Little Fires Everywhere by Celeste Ng
Warning: This review is full of spoilers.
Little Fires Everywhere is the kind of book where, while reading, you have to constantly remind yourself that this is a story filled with family drama. If you don’t, then you will be disappointed by the predictable twists and turns.
The story revolves around a mother’s love for her child, presented in three different sub-stories.
You have the kind-hearted Mia, rule-following Elena, and heartbroken Bebe. Each one of them is trying to do what they think is best for their children.
I have two sisters who are both artists and have always let their imagination become a part of their lives. So naturally, whenever I read the same old portrayal of an artist, I internally roll my eyes.
When it comes to movies and books, these people are always the ones who scoff at conformists. They are always the ones who are free-spirited and honest to their core. The problem grows when every author starts using these traits to define their ‘artist’. This doesn’t mean I dislike every artistic character. But I did dislike Mia.
Here, I have to add that I enjoyed Celeste Ng’s take on Mia’s style of photography. The way she captured and modified her images intrigued me. I am excited to see how it will be depicted in the TV series.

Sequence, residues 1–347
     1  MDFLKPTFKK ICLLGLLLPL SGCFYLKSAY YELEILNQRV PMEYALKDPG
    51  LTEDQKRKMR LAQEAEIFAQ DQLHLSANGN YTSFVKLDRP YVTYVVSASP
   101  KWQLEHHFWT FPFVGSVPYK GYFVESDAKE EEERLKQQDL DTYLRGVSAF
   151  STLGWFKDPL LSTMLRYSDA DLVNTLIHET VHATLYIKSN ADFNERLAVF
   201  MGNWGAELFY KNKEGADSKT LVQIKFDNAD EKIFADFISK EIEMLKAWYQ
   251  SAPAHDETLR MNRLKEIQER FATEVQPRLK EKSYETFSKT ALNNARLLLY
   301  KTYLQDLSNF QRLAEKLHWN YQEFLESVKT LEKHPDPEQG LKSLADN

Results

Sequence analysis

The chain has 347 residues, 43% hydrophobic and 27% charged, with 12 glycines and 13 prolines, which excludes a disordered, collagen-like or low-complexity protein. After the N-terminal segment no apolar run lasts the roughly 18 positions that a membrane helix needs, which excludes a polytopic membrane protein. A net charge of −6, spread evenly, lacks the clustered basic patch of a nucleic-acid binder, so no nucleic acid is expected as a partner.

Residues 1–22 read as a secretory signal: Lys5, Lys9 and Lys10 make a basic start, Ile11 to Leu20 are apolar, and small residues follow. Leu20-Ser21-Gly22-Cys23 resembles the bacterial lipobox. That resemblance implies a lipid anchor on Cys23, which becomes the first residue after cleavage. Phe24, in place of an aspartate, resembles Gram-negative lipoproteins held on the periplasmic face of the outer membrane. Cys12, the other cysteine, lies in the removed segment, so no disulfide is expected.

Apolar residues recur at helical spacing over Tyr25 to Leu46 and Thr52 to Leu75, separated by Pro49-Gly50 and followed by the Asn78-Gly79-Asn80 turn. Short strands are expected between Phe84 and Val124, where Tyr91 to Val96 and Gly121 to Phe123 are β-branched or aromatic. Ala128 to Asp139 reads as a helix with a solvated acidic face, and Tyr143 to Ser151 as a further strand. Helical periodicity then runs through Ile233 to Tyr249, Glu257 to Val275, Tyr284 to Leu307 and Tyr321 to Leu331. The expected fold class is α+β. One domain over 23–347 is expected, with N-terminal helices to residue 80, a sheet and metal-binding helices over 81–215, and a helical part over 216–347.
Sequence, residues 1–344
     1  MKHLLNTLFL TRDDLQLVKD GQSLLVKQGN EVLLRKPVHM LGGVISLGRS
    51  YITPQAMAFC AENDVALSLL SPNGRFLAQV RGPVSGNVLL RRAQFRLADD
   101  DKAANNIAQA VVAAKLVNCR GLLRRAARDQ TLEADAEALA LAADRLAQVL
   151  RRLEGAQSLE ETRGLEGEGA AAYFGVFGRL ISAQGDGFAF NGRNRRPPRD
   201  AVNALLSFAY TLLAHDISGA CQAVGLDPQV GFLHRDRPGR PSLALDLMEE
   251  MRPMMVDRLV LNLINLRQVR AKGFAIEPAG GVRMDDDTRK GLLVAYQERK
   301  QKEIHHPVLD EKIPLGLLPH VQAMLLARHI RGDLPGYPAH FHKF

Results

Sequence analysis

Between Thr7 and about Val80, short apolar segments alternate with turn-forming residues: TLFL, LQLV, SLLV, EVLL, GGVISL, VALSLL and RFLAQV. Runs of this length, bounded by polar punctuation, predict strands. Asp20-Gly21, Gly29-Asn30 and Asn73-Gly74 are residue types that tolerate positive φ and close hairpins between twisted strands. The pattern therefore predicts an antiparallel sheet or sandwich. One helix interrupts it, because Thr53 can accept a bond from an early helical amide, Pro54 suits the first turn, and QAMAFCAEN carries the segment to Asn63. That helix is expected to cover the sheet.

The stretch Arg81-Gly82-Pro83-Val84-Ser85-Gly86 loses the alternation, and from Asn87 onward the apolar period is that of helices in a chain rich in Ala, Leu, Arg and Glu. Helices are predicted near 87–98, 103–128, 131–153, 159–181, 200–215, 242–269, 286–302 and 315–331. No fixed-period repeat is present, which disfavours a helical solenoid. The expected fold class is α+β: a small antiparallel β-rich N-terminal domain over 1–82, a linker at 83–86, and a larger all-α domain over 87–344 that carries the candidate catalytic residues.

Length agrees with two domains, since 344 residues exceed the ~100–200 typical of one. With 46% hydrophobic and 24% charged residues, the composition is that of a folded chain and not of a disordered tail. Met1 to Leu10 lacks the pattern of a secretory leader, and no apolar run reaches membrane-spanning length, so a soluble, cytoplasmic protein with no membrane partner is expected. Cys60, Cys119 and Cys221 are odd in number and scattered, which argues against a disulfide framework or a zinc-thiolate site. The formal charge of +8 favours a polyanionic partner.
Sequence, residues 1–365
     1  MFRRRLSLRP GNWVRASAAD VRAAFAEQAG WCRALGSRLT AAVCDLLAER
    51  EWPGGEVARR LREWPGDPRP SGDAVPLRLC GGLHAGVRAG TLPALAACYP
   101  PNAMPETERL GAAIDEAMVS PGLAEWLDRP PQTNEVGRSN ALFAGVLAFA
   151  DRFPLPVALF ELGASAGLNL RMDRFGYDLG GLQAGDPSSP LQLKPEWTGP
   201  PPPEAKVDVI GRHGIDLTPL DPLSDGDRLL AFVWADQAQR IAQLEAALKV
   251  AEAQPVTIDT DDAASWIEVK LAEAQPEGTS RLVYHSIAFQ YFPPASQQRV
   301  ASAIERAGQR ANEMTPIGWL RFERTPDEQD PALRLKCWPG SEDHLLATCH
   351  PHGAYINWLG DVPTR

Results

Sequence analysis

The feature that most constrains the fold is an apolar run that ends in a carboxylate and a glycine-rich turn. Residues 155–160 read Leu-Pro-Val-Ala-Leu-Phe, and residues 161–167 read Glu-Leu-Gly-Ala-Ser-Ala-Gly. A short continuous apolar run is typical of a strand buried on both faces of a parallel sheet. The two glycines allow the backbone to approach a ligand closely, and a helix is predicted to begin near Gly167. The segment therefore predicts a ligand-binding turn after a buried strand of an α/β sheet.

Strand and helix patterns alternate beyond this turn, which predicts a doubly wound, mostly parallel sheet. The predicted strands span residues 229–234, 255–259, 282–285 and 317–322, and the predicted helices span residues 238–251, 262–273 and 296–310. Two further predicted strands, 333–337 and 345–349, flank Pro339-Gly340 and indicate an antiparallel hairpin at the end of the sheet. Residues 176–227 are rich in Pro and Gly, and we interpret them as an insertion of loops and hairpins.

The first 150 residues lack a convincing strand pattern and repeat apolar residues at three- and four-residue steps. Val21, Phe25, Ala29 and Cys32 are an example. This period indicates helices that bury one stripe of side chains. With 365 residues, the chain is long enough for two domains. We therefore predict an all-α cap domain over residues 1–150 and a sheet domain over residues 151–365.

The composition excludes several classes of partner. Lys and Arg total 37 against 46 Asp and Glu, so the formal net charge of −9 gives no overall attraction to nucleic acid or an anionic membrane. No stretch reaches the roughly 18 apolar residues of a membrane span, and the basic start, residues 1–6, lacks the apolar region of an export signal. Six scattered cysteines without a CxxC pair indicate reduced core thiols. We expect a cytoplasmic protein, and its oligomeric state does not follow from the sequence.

If you pay attention to the synopsis, then it becomes clear that Ng has made up her mind about people who follow rules. So, as soon as I read about Elena, I knew she was the one I would learn to hate. I use the word ‘learn’ because I didn’t find myself disliking her character. Sure, let’s talk about how Elena is selfish, and goes out of her way to make sure things appear the way they do in her mind.
But so does Mia. Why else would she run away with the baby when she had agreed and signed a contract with the Ryans? I understand that the love between a mother and her child is unimaginable. I understand that Mia, after losing Warren, didn’t want to lose her baby. But Ng took sides when it came to defining her characters: she wanted us to agree that Mia was right all along.
Moving on to other characters, the Richardson’s children were slightly unbearable. A jock, a cheerleader, a loser and an outsider; we have all seen this combination before.
I was also particularly interested with the way Mia dealt with Izzy. Think about it: if you knew a child felt like they didn’t belong to their family and had a history of getting into trouble, would you really give them vague advice like the one below.
Sometimes you need to scorch everything to the ground, and start over. After the burning the soil is richer, and new things can grow. People are like that, too. They start over. They find a way.
This quote left me wondering what Ng had in mind. If Ng’s intention was to show us a mother who knew what to say, then this advice was the exact opposite of what Mia should have said.
Overall, I thought the book was good. Ng is a gifted writer — I appreciated the way she unwrapped her story one by one. Even though every paragraph was written from a different character’s point of view, I didn’t find myself getting confused even once.
What did you think of the book? Let me know in the comments section below!